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A separate study investigated the cost-effectiveness of vitamin D supplementation in older adults in Ireland with year-round deficiency. The researchers broke up the study population into three age cohorts: (1) 50 years and older, (2) 60 years and older, and (3) 70 years and older. The study looked at the outcomes of vitamin D supplementation on all-cause mortality and fracture rates. The cost estimates of a general practitioner-monitored vitamin D supplementation public health program in all age groups were below Ireland’s usually acceptable cost-effectiveness threshold. The cost-effectiveness was the most robust in adults 70 years and older.

The authors noted that the cost-effectiveness results could be improved if other clinical benefits of vitamin D supplementation were included in the model, such as mortality or incidence related to cancer or respiratory tract infections. The evidence supports the promotion of vitamin D monitoring and supplementation as a cost-saving approach to substantially reduce cancer mortality and improve quality-adjusted life years in those with low vitamin D levels.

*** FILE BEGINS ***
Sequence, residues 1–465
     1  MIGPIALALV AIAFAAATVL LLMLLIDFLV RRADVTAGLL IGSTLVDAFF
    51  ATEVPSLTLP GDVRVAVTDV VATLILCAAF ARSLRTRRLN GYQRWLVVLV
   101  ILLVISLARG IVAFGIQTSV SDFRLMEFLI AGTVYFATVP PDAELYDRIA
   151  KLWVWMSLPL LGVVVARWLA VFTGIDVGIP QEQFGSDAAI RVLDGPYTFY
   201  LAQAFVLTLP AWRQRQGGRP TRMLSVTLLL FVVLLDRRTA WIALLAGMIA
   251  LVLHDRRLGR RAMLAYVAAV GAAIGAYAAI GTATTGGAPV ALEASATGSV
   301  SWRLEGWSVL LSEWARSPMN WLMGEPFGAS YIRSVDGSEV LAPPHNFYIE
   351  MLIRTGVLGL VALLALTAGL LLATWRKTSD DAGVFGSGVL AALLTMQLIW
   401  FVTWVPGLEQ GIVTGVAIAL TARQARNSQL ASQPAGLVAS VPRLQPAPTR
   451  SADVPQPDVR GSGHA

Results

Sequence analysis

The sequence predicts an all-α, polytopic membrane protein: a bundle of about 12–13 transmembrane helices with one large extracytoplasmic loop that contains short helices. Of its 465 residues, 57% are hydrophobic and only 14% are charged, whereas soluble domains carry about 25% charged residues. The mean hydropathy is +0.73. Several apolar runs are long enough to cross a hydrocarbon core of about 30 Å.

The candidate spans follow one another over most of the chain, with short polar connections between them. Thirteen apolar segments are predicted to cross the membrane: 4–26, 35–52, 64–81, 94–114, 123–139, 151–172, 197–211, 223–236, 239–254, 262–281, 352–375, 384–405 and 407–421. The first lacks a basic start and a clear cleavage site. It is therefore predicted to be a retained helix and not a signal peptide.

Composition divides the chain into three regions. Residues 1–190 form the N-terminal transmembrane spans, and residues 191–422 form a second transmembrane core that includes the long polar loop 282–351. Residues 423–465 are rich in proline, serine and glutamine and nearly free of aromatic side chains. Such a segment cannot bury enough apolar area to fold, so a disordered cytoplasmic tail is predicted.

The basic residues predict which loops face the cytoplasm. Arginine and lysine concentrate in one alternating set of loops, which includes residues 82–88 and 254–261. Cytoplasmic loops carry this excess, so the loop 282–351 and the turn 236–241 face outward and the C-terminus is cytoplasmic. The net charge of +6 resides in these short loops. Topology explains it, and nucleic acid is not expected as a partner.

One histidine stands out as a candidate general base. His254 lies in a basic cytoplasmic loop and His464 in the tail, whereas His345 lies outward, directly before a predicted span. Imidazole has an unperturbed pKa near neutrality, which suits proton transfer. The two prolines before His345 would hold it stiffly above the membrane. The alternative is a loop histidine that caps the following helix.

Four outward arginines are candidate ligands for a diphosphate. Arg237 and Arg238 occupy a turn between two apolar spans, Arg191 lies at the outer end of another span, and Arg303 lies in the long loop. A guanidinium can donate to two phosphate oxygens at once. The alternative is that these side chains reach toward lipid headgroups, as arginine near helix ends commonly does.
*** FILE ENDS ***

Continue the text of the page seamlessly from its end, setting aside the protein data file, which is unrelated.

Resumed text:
How much vitamin D is Right for You?

The Dietary Reference Intake (DRI) for vitamin D was initially established to prevent and treat bone disorders like rickets and osteomalacia. Yet, as we know, vitamin D works on extraskeletal systems across the board, suggesting new vitamin D standards should be researched and established. Therefore, the optimal vitamin D dose and status are still debatable. Vitamin D deficiency has a few definitions based on the organization, society, or study referenced.